The Then-New 6mm
From the ballistic standpoint, the .244/6mm Rem. case, being based on the .257 Roberts hull, has slightly more powder capacity than the .243 Win., and it’s therefore capable of imparting a bit more velocity. That’s borne out by current factory ammo specs showing the 6mm Rem. 100-grain load exiting at 3,100 fps, and the .243 Win. at 2,960 fps. In handloaded form, the difference is more than that. Nevertheless, the 6mm Remington has never rivaled the .243 Winchester’s popularity.
However, being the iconoclast I am, I naturally went with the 6mm Rem. It was 1965 as I recall, and it was also one of the first centerfire rifles I built after getting out of school. I purchased a commercial Mauser action, had it barreled and set it into a stock from Herter’s. Before I went on to bigger and better things, I took a mule deer, two pronghorns, three black bears and about 300 groundhogs with that rifle. I had such success with the cartridge that I acquired two more 6mm Rem. rifles: one was a Ruger No.1B, which I restocked, and the other I built on a BSA action, a Douglas barrel and a Fajen stock. Both saw action out West and in Canada.
Thirteen years would pass after the introduction of the twin 6mm’s before any competition appeared; it was in 1968 in the form of the .240 Weatherby Magnum. Being a proprietary cartridge available only in Weatherby rifles, the .240 Wthby. Mag. didn’t actually compete with the .243 Win. or the 6mm Rem. in terms of sales, but it certainly raised the bar for .24-caliber performance.
Based on a unique case best described as a .30-06 with a belt, Weatherby data shows the .240 launching a 100-grain bullet at 3,405 fps, and an 80-grain bullet at 3,500 fps. It’s a bit puzzling that there would only be a 100 fps difference for 20 grains of bullet weight. The consensus among handloading data shows the 3,400 fps figure to be optimistic to the tune of about 100 fps in a 24-inch barrel. The 3,500 fps for the 80-grain, on the other hand, appears to be doable with handloads.
By the time Weatherby came out with his .240 Wthby. Mag. (it was the last cartridge in the Weatherby Magnum family designed by Roy himself), interest in the .24s was on the wane. I think it was because there was such a plethora of new and more capable cartridges being introduced in the ‘60s that the hunting community simply lost interest. I know I did.
Also contributing to the malaise were the gun magazines, in that they were convincing hunters that having one rifle for both varmints and deer was a compromise. You needed a varmint rifle and a deer rifle — preferably one more potent than a 6mm. Today, of course, we’re in the age of specialization. We have varmint rifles, predator rifles, mountain rifles, plains rifles, bean field rifles, hog rifles, long-range rifles … and the list goes on. It wasn’t like that back then.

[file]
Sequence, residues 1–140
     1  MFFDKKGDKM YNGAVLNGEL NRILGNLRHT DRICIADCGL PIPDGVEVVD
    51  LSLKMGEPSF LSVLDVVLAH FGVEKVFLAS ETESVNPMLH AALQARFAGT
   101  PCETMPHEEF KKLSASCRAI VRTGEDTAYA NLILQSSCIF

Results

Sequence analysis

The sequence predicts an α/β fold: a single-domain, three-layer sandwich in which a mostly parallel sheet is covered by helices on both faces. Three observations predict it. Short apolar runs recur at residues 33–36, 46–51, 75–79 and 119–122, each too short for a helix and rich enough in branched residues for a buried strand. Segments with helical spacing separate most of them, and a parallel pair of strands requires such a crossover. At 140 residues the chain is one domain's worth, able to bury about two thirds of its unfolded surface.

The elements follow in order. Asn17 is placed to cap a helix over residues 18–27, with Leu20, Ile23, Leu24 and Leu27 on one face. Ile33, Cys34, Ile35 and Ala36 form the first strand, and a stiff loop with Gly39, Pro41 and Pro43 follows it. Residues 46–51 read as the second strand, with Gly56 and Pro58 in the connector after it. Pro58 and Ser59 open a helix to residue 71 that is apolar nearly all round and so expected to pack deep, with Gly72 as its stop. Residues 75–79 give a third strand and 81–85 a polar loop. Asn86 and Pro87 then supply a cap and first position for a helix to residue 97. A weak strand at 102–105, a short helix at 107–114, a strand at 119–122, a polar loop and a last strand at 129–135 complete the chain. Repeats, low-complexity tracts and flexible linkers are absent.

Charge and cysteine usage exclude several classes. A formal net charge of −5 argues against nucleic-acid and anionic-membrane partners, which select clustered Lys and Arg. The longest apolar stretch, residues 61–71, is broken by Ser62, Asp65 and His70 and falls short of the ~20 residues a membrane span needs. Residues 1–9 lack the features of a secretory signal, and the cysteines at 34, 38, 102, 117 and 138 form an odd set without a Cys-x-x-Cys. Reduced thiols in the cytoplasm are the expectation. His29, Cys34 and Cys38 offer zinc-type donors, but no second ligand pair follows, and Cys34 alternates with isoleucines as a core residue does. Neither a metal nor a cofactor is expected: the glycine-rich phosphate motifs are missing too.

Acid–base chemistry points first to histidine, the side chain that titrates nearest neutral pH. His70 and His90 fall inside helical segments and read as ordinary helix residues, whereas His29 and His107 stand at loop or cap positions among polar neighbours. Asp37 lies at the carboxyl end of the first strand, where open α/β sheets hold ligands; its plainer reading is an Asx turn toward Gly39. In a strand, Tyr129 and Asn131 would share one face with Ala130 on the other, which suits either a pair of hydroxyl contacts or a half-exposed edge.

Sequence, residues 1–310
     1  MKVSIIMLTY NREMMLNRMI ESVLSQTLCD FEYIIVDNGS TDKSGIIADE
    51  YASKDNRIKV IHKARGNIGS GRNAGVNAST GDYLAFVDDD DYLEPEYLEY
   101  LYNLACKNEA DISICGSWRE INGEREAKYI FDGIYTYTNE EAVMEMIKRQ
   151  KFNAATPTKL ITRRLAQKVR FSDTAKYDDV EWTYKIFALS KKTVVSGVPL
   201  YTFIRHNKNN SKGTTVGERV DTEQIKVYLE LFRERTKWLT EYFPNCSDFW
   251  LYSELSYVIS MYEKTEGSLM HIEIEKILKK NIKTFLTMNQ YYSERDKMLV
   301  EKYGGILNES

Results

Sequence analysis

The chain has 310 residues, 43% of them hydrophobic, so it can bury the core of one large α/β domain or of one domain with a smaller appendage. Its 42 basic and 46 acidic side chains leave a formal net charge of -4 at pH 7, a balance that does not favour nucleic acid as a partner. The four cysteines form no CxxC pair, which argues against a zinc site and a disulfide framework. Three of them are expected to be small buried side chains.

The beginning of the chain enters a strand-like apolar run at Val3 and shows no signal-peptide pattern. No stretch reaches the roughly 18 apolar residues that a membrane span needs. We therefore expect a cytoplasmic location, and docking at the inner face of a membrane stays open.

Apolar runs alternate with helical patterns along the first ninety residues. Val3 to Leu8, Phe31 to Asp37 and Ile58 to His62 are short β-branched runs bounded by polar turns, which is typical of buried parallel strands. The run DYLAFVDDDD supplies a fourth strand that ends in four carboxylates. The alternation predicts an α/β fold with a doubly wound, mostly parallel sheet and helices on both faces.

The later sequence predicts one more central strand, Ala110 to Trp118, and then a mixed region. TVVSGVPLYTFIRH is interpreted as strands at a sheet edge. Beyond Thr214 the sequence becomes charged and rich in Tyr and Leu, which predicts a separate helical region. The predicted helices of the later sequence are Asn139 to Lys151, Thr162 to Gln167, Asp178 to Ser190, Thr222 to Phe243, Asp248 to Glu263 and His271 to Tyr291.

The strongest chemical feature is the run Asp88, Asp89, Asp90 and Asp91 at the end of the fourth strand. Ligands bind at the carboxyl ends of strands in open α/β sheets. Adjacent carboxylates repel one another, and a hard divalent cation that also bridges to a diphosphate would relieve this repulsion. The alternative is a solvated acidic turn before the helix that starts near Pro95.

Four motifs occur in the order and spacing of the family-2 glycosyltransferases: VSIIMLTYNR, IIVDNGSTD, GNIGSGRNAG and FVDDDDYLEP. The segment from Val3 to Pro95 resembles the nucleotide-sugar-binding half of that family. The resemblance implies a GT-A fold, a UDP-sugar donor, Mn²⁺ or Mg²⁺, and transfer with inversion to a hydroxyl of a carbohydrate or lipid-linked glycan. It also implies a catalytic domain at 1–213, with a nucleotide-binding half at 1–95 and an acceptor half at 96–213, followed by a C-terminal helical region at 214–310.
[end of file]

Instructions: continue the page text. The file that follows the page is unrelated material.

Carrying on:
One Last Hurrah
The last “nostalgic” attempt at a new 6mm hunting cartridge was the introduction of the .243 Win. Super Short Magnum in 2004. Because the Winchester folks had reasonable success with the .300 Win. Short Magnum, which they introduced in 2001 — and the .270, 7mm and 8mm versions that followed — they apparently figured, “If short is good, maybe shorter yet would be better?”
Not! The .243 WSSM, along with its sibling .224 and .257 versions, were commercial flops. Only Winchester and Browning chambered rifles for the ill-fated family, and production of those, along with ammunition, lasted but a few years.
I previously singled out the hunting community as having lost interest in the 6mm, but competitive shooters have never abandoned it. Not only do 6mm cartridges dominate 100- and 200-yard bench rest competitions, but the 1,000-yard game as well. And in the Precision Rifle Series, where once the .30-caliber was king, it has long since trended downward to smaller cartridges and smaller calibers having less recoil.
At first the trend was to 7mm, then to 6.5s — like the 6.5 Creedmoor, .260 Rem. and 6.5-284. Today, the 6mm is showing that it may be even better-suited to shooting tiny groups at 1,000 yards. It is somewhat counterintuitive that cartridges like the 6 BRA and 6mm Dasher, which have less powder capacity than the .243 Win., can launch relatively tiny 105-grain VLD (Very Low Drag) bullets more accurately at 1,000 yards than, say, a .300 Win. Magnum or .338 Lapua.
But they do, and they have a good-enough record doing it that Hornady, who gave us the insanely popular 6.5 Creedmoor, last year rolled out a 6mm Creedmoor. I’ve already reviewed two such rifles and both were impressively accurate with factory ammo.
Bottom line: The 6mm may not be as popular as it once was with America’s hunters, but it’s the darling of those shooting the smallest groups at the longest ranges.
Editor’s Note: This article originally appeared in the March 2019 issue of Gun Digest the Magazine.